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Where Do You Report an FDCPA Violation?

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If a debtor has been the victim of unfair or unethical debt collection practices, he or she has rights under the law to seek damages against the debt collector who was responsible for the behavior.

However, the debtor has several different avenues available to him or her when it comes to where to report a violation. We have asked attorney, Alaina Sullivan, and here is what she had to say:

The Fair Debt Collections Practices Act

The law provides protections to debtors when it comes to debt collection practices of third-party collectors. These agencies are often hired by the original creditor who made the original loan or extension of credit, with the sole purpose of collecting these past-due accounts.

However, when the collection efforts take a turn towards harassing or threatening behavior, the Fair Debt Collection Practices Act (FDCPA) offers compensation for debtors who have been hurt or damaged by these practices.

The law is part of a larger law created in 1977, the Consumer Credit Protection Act, and the FDCPA gives a specific outline of what behaviors are not allowed when it comes to debt collections. If a collector violates the law, the debtor has avenues available to him or her where the behavior can be reported.

Report to Government Agency

The debtor can report the debt collector to the appropriate government agency. The first of these is the Federal Trade Commission (FTC). The FTC is in charge of overseeing all debt collector actions and ensuring that federal trade law is followed.

Their web site has an online complaint form where debtors can directly report a violation after it has occurred. Similarly, the debtor can report the violation to the Consumer Financial Protection Bureau (CFPB).

The CFPB is a governmental entity that takes complaints from consumers against debt collectors and funnels these directly to the creditors. Creditors are not always aware of the bad behavior of the debt collectors they hire, and the CFPB works to make sure the creditors are a part of the solution when it comes to unfair debt collection practices.

Like the FTC, the CFPB has an online portal where complaints can be submitted directly.

Where Do You Report an FDCPA Violation?

Attorney General Complaints

The debtor collector may not just be violating federal trade practices but state law as well. The debtor may want to make a complaint to the state attorney general to make that office aware of the behavior of the debt collector.

If this company happens to have a track record of violations, the state will want to build a case to possibly prevent the company from continuing its debt collecting business. The attorney general will also be able to assist the debtor in following through with legal action, if necessary.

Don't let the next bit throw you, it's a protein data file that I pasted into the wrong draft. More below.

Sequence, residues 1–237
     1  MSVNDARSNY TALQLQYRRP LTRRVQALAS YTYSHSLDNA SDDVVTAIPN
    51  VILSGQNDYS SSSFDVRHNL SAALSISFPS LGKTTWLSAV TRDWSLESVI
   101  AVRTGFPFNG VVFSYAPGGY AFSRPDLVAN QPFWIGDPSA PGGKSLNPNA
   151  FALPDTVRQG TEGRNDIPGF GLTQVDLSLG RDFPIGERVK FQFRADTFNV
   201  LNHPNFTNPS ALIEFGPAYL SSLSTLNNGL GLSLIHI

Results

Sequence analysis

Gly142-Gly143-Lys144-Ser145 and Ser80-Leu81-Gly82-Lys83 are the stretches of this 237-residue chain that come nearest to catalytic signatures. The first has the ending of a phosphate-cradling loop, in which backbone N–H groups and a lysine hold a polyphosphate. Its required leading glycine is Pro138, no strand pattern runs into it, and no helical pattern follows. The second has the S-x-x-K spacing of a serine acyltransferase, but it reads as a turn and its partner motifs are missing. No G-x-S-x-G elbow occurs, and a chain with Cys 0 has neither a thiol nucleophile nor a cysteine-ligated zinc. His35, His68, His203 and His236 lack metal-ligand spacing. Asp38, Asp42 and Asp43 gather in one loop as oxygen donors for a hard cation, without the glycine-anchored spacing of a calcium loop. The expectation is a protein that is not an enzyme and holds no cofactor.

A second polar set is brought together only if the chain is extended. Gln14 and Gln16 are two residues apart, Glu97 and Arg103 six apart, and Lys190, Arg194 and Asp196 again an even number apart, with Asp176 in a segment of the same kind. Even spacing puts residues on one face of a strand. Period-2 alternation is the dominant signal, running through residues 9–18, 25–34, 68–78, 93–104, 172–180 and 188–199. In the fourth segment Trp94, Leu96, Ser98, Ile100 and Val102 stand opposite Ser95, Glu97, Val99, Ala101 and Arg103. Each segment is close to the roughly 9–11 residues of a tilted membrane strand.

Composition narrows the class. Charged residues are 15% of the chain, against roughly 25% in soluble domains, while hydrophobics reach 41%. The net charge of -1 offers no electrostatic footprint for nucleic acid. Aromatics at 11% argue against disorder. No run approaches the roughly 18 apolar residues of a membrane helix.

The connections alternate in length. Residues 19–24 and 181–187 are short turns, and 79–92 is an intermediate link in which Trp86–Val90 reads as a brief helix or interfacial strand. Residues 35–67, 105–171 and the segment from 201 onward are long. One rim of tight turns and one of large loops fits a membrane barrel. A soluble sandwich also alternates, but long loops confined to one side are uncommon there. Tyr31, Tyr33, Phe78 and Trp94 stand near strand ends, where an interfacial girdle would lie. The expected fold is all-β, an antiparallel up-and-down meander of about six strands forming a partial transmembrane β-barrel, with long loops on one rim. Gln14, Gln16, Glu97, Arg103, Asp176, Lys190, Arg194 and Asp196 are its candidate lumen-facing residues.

Better Business Bureau

The debtor can also file a complaint with the Better Business Bureau, as he or she should. While the BBB cannot take legal action, they can be of assistance in mediating disputes between debt collectors and debtors.

Further, they keep a log of debt collectors who have violated fair trade practices in the past, so if a debtor finds himself or herself involved in a similar situation, he or she should be able to easily access this information to better the case against the debt collector.

File an FDCPA Lawsuit

The debtor has legal recourse if he or she is the victim of unfair debt collection practices at the hand of a debt collector. This lawsuit is brought in state court, filed by the debtor directly naming the debt collector.

If he or she is successful, the debtor could receive up to $1,000 in statutory damages, and if the debtor has suffered physical or emotional damages, the amount awarded could be more.

If a debtor wishes to pursue this avenue, it is recommended that he or she consult with a consumer attorney and retain their services if it is anticipated that the debt collector will also hire legal counsel.

Out of all of the forms of relief this one is the most time-consuming but is the one that provides direct, monetary relief to the debtor due to the FDCPA violations.

Contact an Attorney Today

If you find yourself dealing in the middle of stressful debt collection proceedings and you have questions about what to expect, it is recommended you talk to an experienced attorney. An attorney can listen to the facts of the case and can best advise you on how to proceed.

Contact an attorney experienced in fair debt collections proceedings to schedule a consultation today.

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